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In February, we reported that Dropbox was stepped up its enterprise sales push, and had amped up its security.

Since then, the cloud storage company has received innumerable requests from IT admins for an integration with Active Directory. Created by Microsoft, Active Directory enables IT teams to assign and enforce security protocols for every computer in the network.

So today, the company announced on its blog that it will introduce single sign on (SSO). The benefit for business users is that once they’re signed in with Active Directory, they can automatically access Dropbox. It’s one less password to remember.


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“With this new feature, we are centralizing around the industry standard,” said Tido Carriero, the lead engineer for Dropbox’s business service, by phone. “It’s a big security improvement and means no additional work for IT admins.”

IT can more easily control access to Dropbox — they just need to update the Active Directory with information about new hires or recently departed employees.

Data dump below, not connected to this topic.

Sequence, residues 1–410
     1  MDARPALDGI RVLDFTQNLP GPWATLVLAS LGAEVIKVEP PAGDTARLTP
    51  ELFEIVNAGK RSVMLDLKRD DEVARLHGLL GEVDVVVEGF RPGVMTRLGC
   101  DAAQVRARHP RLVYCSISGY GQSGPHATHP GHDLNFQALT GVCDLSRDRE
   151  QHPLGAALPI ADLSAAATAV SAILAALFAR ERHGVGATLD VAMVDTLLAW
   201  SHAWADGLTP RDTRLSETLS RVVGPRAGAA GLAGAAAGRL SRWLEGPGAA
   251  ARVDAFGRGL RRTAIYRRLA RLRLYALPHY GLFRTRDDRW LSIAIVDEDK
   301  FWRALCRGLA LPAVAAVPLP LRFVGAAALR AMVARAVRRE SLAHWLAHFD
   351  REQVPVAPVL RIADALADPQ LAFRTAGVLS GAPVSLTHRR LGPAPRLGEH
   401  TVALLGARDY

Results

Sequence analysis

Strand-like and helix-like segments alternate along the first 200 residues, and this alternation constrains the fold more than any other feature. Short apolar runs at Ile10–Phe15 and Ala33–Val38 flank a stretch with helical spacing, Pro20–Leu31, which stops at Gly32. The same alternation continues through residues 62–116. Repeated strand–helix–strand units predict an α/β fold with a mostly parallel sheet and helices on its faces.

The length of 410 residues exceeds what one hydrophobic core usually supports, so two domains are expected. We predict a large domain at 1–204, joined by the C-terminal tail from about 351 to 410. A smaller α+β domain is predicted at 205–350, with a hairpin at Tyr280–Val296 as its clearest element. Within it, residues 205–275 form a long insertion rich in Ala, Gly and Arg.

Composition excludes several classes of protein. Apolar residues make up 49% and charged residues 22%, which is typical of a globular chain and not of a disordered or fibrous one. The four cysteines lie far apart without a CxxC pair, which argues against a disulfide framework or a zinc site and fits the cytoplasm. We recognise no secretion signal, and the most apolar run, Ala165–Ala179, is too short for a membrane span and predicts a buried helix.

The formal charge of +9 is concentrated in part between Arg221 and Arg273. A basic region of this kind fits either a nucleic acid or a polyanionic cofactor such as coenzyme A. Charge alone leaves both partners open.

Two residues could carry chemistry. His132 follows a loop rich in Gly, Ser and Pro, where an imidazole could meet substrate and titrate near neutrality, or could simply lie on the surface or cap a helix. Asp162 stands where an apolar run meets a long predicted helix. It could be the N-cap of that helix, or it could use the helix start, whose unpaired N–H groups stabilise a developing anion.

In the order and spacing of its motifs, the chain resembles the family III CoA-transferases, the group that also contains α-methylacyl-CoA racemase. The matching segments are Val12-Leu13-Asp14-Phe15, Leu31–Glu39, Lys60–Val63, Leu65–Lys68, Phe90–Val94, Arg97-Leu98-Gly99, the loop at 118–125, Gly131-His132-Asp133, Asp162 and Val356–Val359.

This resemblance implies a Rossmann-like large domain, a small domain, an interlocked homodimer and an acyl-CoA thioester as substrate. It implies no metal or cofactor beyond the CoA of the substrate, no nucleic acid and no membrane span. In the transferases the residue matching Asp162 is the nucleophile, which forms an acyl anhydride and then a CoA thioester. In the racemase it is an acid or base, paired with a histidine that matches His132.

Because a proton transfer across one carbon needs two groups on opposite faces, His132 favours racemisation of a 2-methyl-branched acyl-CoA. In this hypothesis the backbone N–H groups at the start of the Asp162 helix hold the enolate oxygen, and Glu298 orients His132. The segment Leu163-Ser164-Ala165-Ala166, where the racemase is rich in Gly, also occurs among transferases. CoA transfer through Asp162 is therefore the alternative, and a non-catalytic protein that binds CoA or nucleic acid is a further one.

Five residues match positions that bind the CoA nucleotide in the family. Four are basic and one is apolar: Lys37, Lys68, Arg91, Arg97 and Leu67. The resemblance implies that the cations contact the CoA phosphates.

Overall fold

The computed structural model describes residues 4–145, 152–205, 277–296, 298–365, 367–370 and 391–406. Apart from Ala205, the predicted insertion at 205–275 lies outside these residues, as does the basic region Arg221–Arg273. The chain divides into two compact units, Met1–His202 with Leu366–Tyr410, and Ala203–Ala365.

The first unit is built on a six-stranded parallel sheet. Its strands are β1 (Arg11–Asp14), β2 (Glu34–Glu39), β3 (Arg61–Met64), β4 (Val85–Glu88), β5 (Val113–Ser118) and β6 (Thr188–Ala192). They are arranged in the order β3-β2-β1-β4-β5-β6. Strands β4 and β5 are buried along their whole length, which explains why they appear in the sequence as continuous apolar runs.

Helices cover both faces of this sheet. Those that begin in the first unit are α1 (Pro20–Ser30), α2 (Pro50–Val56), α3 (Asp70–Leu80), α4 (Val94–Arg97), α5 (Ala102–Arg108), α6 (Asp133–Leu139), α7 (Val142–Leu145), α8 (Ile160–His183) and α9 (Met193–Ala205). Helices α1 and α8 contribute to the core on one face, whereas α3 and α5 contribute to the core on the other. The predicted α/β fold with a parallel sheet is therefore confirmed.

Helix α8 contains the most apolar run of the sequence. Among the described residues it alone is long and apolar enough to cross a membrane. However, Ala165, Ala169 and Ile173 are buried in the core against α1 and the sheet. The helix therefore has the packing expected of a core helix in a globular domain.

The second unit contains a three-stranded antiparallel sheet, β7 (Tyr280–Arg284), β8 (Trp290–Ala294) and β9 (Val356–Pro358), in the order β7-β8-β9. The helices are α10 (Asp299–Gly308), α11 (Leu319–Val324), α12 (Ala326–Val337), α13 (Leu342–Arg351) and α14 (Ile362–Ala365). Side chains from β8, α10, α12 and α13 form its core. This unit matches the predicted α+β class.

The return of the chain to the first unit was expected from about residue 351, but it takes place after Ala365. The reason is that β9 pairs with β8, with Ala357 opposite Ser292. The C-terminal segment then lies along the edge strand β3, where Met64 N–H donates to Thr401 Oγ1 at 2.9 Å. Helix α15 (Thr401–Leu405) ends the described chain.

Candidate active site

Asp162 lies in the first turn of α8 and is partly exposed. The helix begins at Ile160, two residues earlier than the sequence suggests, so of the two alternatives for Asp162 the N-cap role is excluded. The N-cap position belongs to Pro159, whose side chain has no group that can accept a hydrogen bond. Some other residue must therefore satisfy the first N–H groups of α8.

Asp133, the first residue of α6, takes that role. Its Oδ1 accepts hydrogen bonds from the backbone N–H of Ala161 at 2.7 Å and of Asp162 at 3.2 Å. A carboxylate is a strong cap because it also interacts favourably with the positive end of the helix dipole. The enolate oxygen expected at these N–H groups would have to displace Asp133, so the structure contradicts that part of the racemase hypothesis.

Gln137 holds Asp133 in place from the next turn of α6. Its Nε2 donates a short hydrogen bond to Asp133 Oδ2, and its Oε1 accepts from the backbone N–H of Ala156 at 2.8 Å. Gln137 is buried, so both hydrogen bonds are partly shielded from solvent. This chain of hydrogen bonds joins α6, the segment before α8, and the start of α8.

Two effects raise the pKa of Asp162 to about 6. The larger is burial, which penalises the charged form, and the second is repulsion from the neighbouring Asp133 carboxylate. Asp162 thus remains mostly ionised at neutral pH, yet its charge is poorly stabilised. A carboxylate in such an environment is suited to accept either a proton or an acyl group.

Dropbox also announced an integration with a number of other cloud-based identity management companies, such as Ping Identity and Okta, so it can introduce SSO within a month. These companies also use Active Directory under the hood.

Dropbox has moved away from calling its business service “Dropbox for teams” so it can continue to sell to large companies. The company has rebranded to “Dropbox for businesses.” Dropbox claims it has secured accounts with two million businesses, but still faces strong competition from Box and Egnyte, cloud-based storage providers that also sell to large enterprises.

Kevin Egan, the company’s new vice president of sales (poached from Salesforce), said that Dropbox is eager to push into the enterprise. “Customer requests are being heard and we’re iterating fast,” he said. “We are getting the engines fired on all systems.”

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